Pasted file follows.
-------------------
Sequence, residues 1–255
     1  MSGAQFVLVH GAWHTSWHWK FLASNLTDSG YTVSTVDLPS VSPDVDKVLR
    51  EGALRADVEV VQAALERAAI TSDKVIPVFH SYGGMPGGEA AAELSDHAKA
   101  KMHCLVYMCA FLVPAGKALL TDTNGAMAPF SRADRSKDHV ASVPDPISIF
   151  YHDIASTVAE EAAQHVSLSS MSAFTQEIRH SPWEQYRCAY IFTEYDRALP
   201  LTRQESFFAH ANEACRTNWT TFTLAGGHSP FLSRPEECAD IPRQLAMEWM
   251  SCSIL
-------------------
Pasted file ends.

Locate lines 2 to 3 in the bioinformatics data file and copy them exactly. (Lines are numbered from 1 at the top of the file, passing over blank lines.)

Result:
     1  MSGAQFVLVH GAWHTSWHWK FLASNLTDSG YTVSTVDLPS VSPDVDKVLR
    51  EGALRADVEV VQAALERAAI TSDKVIPVFH SYGGMPGGEA AAELSDHAKA